Economic Relations

The most spectacular change in the relationship has been on the economic front. Although India's share of U.S. imports and exports is only about 1 percent of the total volume of American trade, it represents a significant proportion of India's external trade. The United States is India's largest trading partner, the source of 9 percent of Indian imports and the destination of 21 percent of Indian exports. In 2002 total Indian exports to the United States were about $17 billion, of which about $6 billion consisted of software exports. Merchandise exports included diamonds and gold jewelry, woven and knit apparel, textiles, fish and seafood, machinery, carpets, iron and steel, and pharmaceuticals. Indian imports from the United States included machinery (computers and components, gas turbines, and telecommunications equipment), electrical machinery (recording/sound media), medical and surgical equipment and instruments, aircraft, spacecraft (small aircraft), precious stones (diamonds, not mounted or set), metals, jewelry, miscellaneous chemical products, organic chemicals, and plastic.

By 2003 several major American corporations had established subsidiaries and other facilities in India. A majority of General Electric's businesses worldwide have a presence in India, covering aircraft engines, broadcasting, capital services, lighting, medical systems. Some 19,000 General Electric professionals work in India, and the company set up its largest laboratory worldwide—the John Welch Technology Centre—in Bangalore. The multidiscipline laboratory covers research in hot-air gas paths, materials, design, and computer science. Other major U.S. corporations established in India include Whirlpool, Ford Motors, 3M, Microsoft, Intel, Texas Instruments, Sun Microsystems, Procter and Gamble, Oracle, IBM, Adobe Systems, and several others. They produce in India for the Indian and overseas markets. American banking and financial services such as Citicorp, GE Capital, and American Express have also established offices and operations in India. American corporations in the bioinformation and biotechnology fields have subsidiary operations in India.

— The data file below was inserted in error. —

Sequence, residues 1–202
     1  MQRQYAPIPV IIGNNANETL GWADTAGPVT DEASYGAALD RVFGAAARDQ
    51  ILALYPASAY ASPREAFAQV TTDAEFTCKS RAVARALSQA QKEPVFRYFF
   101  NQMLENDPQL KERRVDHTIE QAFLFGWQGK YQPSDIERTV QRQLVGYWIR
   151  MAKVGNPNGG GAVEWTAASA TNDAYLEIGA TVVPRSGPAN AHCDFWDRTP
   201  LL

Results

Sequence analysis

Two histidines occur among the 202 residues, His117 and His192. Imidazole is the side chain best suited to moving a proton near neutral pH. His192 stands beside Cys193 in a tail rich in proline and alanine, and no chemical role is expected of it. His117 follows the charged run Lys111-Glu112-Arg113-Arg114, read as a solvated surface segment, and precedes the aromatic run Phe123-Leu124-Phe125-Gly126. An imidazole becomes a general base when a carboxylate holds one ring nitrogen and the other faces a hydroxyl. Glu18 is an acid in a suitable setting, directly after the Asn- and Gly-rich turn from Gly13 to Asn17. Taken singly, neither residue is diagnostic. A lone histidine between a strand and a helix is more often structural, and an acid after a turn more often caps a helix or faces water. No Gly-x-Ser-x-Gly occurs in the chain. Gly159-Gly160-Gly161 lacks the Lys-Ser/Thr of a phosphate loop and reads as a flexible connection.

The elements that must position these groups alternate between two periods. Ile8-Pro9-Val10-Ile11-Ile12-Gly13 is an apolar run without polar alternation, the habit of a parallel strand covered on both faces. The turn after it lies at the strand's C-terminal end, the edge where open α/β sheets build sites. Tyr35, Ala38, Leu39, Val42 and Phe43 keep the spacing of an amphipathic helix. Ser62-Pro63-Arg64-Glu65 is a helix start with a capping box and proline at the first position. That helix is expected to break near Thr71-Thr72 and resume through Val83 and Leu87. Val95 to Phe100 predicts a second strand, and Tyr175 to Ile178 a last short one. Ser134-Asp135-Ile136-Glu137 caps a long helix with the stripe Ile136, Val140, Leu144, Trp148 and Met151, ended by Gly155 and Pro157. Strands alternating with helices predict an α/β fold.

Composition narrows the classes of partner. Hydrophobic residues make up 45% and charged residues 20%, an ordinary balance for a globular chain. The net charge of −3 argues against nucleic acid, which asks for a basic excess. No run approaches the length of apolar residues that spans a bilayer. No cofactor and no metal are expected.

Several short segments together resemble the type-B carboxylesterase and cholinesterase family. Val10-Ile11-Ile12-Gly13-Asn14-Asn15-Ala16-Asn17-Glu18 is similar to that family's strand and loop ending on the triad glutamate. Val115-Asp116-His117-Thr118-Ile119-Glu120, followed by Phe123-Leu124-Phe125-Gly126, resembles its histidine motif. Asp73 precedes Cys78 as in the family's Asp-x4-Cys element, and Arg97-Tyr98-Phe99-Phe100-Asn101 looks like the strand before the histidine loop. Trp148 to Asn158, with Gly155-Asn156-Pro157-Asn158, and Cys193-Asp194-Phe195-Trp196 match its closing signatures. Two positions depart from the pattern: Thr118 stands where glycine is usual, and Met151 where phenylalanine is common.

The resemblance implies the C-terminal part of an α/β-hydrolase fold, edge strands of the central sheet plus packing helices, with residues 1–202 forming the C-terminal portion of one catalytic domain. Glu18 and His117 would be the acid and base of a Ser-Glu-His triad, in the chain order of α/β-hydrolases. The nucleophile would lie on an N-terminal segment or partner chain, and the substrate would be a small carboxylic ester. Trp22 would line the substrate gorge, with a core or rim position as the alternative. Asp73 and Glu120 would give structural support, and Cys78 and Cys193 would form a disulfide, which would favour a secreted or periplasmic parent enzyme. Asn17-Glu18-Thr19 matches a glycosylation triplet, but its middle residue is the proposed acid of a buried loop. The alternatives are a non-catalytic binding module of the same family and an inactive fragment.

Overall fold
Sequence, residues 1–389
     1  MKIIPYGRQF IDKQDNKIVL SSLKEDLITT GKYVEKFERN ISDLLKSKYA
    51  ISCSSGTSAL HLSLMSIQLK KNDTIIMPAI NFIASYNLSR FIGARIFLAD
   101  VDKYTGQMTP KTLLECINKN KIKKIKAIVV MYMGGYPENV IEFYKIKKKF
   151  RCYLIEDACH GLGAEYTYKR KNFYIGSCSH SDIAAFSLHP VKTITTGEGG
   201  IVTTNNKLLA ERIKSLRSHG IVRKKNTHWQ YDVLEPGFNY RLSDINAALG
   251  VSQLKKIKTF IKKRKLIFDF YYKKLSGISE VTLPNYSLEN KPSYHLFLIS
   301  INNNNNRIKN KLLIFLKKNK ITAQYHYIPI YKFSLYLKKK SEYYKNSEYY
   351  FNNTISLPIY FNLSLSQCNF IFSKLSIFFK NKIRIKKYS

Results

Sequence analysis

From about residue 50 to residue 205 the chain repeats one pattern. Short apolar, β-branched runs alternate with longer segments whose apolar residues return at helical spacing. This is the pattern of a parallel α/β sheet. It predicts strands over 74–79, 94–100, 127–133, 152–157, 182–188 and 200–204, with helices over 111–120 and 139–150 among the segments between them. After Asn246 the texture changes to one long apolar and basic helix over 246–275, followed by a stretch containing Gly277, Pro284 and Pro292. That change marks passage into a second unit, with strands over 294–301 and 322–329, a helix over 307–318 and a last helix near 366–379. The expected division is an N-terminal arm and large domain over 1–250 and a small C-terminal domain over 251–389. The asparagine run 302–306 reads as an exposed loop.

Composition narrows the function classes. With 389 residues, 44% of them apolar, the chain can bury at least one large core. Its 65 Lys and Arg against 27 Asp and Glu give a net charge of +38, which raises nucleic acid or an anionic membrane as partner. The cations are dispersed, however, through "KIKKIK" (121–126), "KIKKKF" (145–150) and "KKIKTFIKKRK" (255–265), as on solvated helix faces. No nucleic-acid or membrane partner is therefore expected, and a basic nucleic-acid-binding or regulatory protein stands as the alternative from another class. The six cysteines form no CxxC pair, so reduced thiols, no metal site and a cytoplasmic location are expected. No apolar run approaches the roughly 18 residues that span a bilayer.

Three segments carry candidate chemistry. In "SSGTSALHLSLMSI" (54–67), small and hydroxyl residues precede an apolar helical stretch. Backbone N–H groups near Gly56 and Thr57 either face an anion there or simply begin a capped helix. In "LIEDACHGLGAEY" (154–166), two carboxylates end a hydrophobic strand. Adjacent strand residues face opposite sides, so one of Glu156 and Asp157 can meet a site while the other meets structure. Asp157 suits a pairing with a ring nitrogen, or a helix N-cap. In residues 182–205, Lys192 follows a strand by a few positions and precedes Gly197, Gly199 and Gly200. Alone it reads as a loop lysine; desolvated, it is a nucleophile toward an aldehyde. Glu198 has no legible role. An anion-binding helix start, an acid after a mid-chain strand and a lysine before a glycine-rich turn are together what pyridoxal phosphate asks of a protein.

India is the premier country for U.S. information technology (IT) services, with major corporations "outsourcing" its needs to Indian software engineers, who are able to perform the same tasks more cheaply than American software engineers. This business relationship has been aided by the large English-speaking high-tech workforce in India and the twelve-hour time difference between the two countries; software needs and problems can be sent to India at the end of the American working day to be resolved by highly qualified and less costly Indian technical staff by the end of their working day and the beginning of the next American workday. The arrangement has enabled round-the-clock collaborative operations between India and the United States. U.S. companies that have taken advantage of this unique outsourcing opportunity include American Express, Citicorp, Microsoft, Dell, Hewlett-Packard, HSBC, Morgan Stanley, AT&T, Reebok, GM, Boeing, Pepsi, and Coca-Cola. Outsourcing to India has caused some resentment within the U.S. labor force because of the loss of American jobs.